Last week in this space, we talked about the emergency catcher. Most teams carry two real catchers on their roster, but every once in a while, like with position players pitching, we see a guy with little-to-no previous catching experience strapping on the shin guards and heading behind the plate. It turns out that when we look at the record of these pretend catchers, as a whole, they are worse than the worst defensive catchers in the game.
It got me wondering about the rest of the diamond. Sure, fake pitchers and catchers are the most fun (i.e., cringe-worthy) to watch, but what happens when someone gets the call to play second base or right field for the very first time? Ever. What happens then?
Warning! Gory Mathematical Details Ahead!
Like last week, I’m using data from 1993-2017. The upside is that we have a large data set from which to draw our sample, which is good because these sorts of things, by definition, don’t happen often. The downside is that the data aren’t super detailed, owing to the fact that they were partly collected in the 1990s. I’m defining an “emergency” player as one who actually played the position, but did so for fewer than 18 innings in a season. To make sure that they’re not guys who only got a cup of coffee but who were actual trained shortstops or center fielders, the innings logged at the new position had to represent less than 10 percent of their workload for the year.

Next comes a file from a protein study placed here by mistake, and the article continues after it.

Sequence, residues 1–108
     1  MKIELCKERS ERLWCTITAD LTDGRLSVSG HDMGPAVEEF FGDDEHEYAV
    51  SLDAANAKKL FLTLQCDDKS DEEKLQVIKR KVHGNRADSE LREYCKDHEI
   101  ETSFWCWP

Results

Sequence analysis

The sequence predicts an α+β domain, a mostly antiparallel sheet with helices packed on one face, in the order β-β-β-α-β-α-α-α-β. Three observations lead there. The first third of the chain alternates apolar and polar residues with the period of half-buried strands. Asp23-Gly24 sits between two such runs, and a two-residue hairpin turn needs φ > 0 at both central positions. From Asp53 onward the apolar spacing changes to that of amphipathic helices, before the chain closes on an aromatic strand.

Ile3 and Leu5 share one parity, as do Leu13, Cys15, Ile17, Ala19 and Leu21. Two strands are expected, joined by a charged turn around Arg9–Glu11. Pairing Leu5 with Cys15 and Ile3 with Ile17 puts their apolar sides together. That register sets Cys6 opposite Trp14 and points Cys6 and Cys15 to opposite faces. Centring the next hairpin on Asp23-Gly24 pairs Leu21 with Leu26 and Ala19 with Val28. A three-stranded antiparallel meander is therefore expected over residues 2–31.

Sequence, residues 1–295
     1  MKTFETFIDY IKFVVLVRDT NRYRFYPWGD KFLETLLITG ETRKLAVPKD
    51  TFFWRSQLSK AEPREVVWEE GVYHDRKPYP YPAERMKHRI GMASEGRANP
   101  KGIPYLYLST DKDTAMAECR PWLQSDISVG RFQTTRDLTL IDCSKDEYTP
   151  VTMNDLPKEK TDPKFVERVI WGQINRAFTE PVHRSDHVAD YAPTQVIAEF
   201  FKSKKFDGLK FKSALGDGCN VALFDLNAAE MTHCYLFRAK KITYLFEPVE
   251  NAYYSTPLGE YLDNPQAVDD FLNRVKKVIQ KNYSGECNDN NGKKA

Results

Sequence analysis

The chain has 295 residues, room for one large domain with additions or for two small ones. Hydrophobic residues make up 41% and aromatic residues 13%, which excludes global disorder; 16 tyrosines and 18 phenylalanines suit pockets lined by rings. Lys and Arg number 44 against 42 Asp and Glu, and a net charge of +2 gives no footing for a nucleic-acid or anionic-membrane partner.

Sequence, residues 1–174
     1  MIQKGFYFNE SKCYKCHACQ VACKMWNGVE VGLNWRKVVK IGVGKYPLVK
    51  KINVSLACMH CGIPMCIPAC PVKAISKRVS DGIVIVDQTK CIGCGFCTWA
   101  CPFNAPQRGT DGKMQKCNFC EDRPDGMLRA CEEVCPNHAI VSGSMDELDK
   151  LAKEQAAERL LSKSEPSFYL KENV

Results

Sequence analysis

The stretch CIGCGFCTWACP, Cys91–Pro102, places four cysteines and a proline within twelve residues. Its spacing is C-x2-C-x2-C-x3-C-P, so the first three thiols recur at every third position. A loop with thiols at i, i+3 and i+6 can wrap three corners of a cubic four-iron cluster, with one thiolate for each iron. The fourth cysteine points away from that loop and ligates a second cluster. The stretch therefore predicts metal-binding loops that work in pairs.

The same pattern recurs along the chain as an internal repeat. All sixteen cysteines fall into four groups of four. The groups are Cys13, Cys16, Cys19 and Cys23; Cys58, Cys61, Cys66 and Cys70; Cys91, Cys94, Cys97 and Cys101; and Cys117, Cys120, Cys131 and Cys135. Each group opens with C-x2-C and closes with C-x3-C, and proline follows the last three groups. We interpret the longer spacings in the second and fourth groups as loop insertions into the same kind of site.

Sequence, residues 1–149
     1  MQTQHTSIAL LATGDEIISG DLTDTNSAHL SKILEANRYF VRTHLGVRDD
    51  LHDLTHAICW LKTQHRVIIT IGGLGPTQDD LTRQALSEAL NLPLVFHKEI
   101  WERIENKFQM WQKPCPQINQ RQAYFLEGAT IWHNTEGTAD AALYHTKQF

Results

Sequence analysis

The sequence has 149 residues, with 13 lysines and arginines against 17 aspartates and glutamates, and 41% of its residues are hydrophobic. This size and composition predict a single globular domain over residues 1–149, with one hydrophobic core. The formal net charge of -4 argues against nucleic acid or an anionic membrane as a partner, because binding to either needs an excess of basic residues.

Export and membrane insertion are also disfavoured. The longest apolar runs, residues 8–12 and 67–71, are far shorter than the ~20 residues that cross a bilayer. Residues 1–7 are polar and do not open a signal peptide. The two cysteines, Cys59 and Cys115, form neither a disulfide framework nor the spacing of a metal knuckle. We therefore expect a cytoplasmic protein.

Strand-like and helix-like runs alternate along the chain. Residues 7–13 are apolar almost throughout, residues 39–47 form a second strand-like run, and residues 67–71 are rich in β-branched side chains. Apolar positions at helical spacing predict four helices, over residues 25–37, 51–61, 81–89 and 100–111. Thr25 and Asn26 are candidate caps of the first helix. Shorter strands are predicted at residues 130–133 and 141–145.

Shall we go for a little tour?
The most common time for a first baseman to touch the ball is when it is thrown to them on the “3” end of a 5-3 ground ball. Still, they do field some grounders that are hit to the right side. Because we’re using rather rough hewn data, we’re going estimate range for a first baseman on ground balls by looking at the number of grounders that were fielded by the first baseman versus those which were fielded by the right fielder. For some of those grounders, no living human being would have been able to stop the ball from going into the outfield, and some of them were probably the domain of the second baseman, but over a large enough sample a lot of that noise will wash out.